Blood cyanide testing is performed for confirmatory or forensic purposes only. A blood concentration up to 0.1 mg/L is considered normal. A cyanide blood concentration greater than 0.2 mg/L is in the toxic threshold, whereas fatal levels usually exceed 1 mg/L. Interpretation of cyanide concentrations cannot be used for clinical management. Blood cyanide level is not a predictable indicator for severity of illness and the body continues to eliminate cyanide as long as the patient is alive.

Other laboratory tests are ordered for monitoring the patient and evaluating complications. Typically, laboratory testing is performed on blood specimens for complete blood count (CBC), glucose, and electrolytes (sodium, potassium, chloride, and bicarbonate). Patients exposed to hydrogen cyanide also receive the following tests: serum lactate, arterial blood gas measurements (ABG); pH, PO2, CO2, and bicarbonate), electrocardiogram (ECG) monitoring, and chest radiography. Results from these tests assist the provider in clinical management of initial interventions and in monitoring cyanide antidotal therapy.

Are There Any Factors That Might Affect the Lab Results? In particular, does your patient take any medications - OTC drugs or Herbals - that might affect the lab results?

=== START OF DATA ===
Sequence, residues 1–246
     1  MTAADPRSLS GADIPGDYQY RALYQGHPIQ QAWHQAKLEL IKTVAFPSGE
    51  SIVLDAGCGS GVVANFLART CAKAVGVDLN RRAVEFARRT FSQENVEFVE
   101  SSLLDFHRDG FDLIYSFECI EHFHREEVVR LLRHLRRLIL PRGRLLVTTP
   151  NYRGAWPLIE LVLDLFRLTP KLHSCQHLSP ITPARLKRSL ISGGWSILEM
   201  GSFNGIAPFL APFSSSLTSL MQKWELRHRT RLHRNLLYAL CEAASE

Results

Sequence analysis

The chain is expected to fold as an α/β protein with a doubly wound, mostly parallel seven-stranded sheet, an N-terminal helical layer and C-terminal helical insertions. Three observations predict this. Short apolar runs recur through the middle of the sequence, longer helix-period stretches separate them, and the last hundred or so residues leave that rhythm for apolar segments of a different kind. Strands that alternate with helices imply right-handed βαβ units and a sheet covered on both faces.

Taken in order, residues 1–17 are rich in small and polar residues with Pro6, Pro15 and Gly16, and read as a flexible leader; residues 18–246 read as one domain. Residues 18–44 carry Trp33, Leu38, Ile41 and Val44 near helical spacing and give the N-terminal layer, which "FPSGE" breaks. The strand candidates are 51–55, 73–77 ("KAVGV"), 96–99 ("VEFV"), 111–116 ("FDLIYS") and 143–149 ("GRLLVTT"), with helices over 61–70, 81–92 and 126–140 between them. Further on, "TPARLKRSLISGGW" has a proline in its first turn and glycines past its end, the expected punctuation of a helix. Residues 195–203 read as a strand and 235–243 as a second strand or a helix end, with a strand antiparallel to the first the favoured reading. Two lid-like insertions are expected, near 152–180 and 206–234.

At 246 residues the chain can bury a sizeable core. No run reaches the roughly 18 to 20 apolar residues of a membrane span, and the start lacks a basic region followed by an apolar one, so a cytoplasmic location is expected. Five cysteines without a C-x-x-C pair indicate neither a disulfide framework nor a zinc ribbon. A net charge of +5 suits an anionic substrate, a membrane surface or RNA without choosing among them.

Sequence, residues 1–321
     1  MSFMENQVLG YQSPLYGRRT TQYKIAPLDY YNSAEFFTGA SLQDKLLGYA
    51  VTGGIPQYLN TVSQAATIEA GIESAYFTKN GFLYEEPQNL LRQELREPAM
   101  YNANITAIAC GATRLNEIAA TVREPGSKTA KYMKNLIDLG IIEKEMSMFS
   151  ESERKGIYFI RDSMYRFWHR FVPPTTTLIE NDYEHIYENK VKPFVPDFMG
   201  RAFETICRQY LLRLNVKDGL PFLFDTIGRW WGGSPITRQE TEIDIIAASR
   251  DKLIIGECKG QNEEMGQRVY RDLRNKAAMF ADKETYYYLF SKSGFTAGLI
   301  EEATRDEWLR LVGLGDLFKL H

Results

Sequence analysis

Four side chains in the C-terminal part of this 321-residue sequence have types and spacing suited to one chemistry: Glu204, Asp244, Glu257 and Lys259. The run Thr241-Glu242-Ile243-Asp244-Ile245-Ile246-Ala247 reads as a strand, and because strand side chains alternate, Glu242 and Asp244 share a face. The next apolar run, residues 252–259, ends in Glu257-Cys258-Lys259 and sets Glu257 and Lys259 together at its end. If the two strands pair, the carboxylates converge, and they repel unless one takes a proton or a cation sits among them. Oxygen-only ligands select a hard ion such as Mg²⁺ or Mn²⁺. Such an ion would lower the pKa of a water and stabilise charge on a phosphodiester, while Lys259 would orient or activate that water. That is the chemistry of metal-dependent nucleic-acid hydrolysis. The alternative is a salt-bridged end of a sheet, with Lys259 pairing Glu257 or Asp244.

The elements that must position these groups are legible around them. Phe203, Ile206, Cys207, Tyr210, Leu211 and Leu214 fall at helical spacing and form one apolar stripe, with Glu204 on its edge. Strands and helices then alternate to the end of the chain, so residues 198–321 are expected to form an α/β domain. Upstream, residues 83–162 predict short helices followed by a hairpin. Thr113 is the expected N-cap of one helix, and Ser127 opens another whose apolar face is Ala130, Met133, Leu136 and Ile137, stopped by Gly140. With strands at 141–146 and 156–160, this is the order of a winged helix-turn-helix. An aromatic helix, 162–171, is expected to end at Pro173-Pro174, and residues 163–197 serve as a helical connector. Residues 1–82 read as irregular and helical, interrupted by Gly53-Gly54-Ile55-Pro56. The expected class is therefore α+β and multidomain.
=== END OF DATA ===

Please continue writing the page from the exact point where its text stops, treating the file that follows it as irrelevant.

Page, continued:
Proper specimen collection and storage are critical for accurate measurement of cyanide concentration. Cyanide testing should be performed on whole blood not coagulated. Heparinized vials should be tightly sealed to prevent evaporation of cyanide at the physiological pH. Cyanide testing should commence as quickly as possible as artifactual formation of cyanide may occur in stored specimens.

Antidotes may be used to enhance cyanide excretion. Various forms of antidotes exist in the literature. Laboratory results should be interpreted in the context of the specific antidote given, as these compounds may impact laboratory findings. The recommended therapy for treatment in the United States is a combination of a nitrite and sodium thiosulfate to enhance renal secretion of cyanide.

What Lab Results Are Absolutely Confirmatory?